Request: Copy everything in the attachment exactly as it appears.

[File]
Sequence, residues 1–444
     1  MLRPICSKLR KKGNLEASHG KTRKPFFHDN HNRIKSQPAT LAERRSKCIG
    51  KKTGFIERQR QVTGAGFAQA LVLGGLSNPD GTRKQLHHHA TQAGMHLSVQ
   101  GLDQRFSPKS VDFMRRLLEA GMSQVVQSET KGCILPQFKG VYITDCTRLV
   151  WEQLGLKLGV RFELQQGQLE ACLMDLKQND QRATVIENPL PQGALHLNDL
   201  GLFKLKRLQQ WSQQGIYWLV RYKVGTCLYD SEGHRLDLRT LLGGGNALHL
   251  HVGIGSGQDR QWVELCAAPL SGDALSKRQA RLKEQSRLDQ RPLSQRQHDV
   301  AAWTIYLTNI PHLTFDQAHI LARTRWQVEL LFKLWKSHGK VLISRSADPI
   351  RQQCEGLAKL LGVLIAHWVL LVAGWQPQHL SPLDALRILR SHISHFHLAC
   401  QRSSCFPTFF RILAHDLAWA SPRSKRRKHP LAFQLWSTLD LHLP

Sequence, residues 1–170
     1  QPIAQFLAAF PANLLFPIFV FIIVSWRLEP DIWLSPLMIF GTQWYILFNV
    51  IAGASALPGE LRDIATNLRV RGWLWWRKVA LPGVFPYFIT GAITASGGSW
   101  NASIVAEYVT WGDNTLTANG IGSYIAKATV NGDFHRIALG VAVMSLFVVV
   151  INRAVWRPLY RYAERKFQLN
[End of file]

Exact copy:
Sequence, residues 1–444
     1  MLRPICSKLR KKGNLEASHG KTRKPFFHDN HNRIKSQPAT LAERRSKCIG
    51  KKTGFIERQR QVTGAGFAQA LVLGGLSNPD GTRKQLHHHA TQAGMHLSVQ
   101  GLDQRFSPKS VDFMRRLLEA GMSQVVQSET KGCILPQFKG VYITDCTRLV
   151  WEQLGLKLGV RFELQQGQLE ACLMDLKQND QRATVIENPL PQGALHLNDL
   201  GLFKLKRLQQ WSQQGIYWLV RYKVGTCLYD SEGHRLDLRT LLGGGNALHL
   251  HVGIGSGQDR QWVELCAAPL SGDALSKRQA RLKEQSRLDQ RPLSQRQHDV
   301  AAWTIYLTNI PHLTFDQAHI LARTRWQVEL LFKLWKSHGK VLISRSADPI
   351  RQQCEGLAKL LGVLIAHWVL LVAGWQPQHL SPLDALRILR SHISHFHLAC
   401  QRSSCFPTFF RILAHDLAWA SPRSKRRKHP LAFQLWSTLD LHLP

Sequence, residues 1–170
     1  QPIAQFLAAF PANLLFPIFV FIIVSWRLEP DIWLSPLMIF GTQWYILFNV
    51  IAGASALPGE LRDIATNLRV RGWLWWRKVA LPGVFPYFIT GAITASGGSW
   101  NASIVAEYVT WGDNTLTANG IGSYIAKATV NGDFHRIALG VAVMSLFVVV
   151  INRAVWRPLY RYAERKFQLN